Voyaging to the Past

For 36 years, Pilgrim has educated generations of students and visitors with a firsthand account of "Two Years Before the Mast."

 As I step aboard Pilgrim one hazy afternoon in Dana Point Harbor, the cool dampness and earthy smells are strangely familiar. Climbing down the stairs, my memory drifts back to 20 years ago when I first descended these exact stairs into the bowels of the very same ship as a young girl.

Like many other fifth-graders in Southern California, my classmates and I had the opportunity to stay aboard Pilgrim overnight to learn firsthand what it might have been like to be on the voyage that Richard Henry Dana Jr. took from Boston in the 1830s. The remarkable memoir of Dana’s travels aboard the original Pilgrim was published as “Two Years Before the Mast,” a celebrated and much-referenced work of American literature. Dana captured the essence of what it was like to be a merchant seaman, and the hardships endured by humans who braved the sea during that era. Technology was more primitive in those days — no GPS, no radar, no autopilot.

I remember hearing about the Pilgrim “voyage” from the older kids at my school. Sleeping over on a real tall ship sounded so exciting and adventurous! I looked forward to it all year, and when the day finally came and we were dropped off at Dana Point Harbor, the sea air hit me and we all eagerly anticipated our travel back in time. We toured the Ocean Institute and then it was time to walk up the plank into our time capsule. I have fond memories of that childhood experience — the night watch, the hearty beef stew, memorizing how to ring the ship’s bell to tell time. All of the staff were in character, and we were immersed into the world of being a sailor in 1800s.

Earlier this morning, I drove down the scenic coast, not really knowing what to expect while exploring Dana Point Harbor. When I arrived at the Ocean Institute, I met Dan Goldbacher, director of maritime programs for the Ocean Institute, for a tour of Pilgrim. It looked stately and sturdy but worn from years of being enjoyed. I learned that Pilgrim is maintained by 50 local volunteers who make sure she’s ready for the next tour or school group to come aboard. Pilgrim, as she currently floats in Dana Point Harbor, according to the Ocean Institute, is a full-sized replica of the hide brig chronicled by Dana Jr. in the novel “Two Years Before the Mast.”

The replica of the original Pilgrim began as a three-masted schooner (or a “tern” schooner in North America) in 1945 in Denmark. In 1975, she was sailed to Lisbon, Portugal, by Capt. Ray Wallace and converted to her present replica brig. In September 1981, Pilgrim arrived in Dana Point Harbor, where she has been the Ocean Institute’s largest classroom, providing living history programs to thousands of students and visitors. The institute’s motto is “educate through experience,” something the folks there definitely delivered.

The original Pilgrim, which also has historical ties to Dana Point, was built in 1825 by Bryant, Sturgis & Co. in Boston, Mass. She sailed capably until a fire destroyed her in 1856. She was a smaller brig than most, at 86 feet in length, with a crew of only nine needed to sail her. While carrying a shipment of limes from Maine to Alabama, a fire broke out and Pilgrim sank. Lady Washington, a schooner, transported the marooned captain and crew to Pensacola, Fla. But the legacy of Pilgrim would live on through Dana and his writing. After his seaman career ended and he had published “Two Years Before the Mast,” Dana became a lawyer who specialized in maritime law and became a champion for the rights of the common man. He later went on to become a prominent abolitionist who fought to end slavery and helped found the Free Soil Party in 1848 while representing fugitive slaves in court. He would serve as the United States Attorney during the Civil War and was critical in defending the right to block Confederate ports, arguing before the Supreme Court.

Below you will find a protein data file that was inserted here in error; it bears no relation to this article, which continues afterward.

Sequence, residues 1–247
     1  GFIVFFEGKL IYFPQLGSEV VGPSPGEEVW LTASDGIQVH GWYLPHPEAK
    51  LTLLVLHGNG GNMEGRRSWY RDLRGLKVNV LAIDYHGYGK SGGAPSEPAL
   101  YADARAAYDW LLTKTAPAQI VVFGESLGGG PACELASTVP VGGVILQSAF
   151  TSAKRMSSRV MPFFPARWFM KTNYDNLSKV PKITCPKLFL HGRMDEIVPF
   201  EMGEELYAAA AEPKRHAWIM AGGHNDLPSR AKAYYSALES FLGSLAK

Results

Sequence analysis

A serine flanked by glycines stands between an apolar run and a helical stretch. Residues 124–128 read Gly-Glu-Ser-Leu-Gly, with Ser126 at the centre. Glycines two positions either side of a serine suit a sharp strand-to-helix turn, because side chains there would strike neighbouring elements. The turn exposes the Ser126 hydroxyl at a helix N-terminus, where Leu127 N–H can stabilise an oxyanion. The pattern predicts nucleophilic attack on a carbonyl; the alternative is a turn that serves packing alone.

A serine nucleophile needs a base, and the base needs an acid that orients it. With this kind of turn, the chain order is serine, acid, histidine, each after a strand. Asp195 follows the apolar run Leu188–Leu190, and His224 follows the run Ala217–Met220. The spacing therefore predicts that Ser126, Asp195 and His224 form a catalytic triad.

Pilgrim is owned and operated by the Ocean Institute, situated a few yards away from the dock where she floats. Through the doors of the impressive lobby area is a visitor center with more information on the programs available as well as an interesting tide pool. The facilities that are open to the public include the Headlands & Beyond exhibit, the tide pool playscape, Maddie James Seaside Learning Center, and all the labs inside the Ocean Education Center, in addition to Pilgrim. Tours of Pilgrim are offered on Sunday during regular operating hours. There are also seasonal events such as whale-watching cruises, holiday light parade cruises, the Jazz Festival, and the Tall Ship Festival that happen every year.

Spirit of Dana Point, also owned by the Ocean Institute, floats adjacent to Pilgrim. It was built by master shipwright Dennis Holland. He laid the keel on May 2, 1970. It took 13 years to construct and was launched for the first time in 1982. It is a replica of a 1770s privateer that was used during the American Revolution. Spirit of Dana Point sets sail in cannon battle reenactments and other living history and at-sea maritime programs, including private charters, coastal sails, corporate team building and filming opportunities.

The area of present-day Dana Point Harbor is indeed where Richard Henry Dana unloaded furs and restocked provisions on his journey up the coast to trade hides. In his description of the locale of Dana Point, he said it was “the only romantic spot on the coast.” The rolling hills and cliffs are rather unique in California. Boat owners moored in Dana Point should take the time to check out a little piece of history and classic American literature.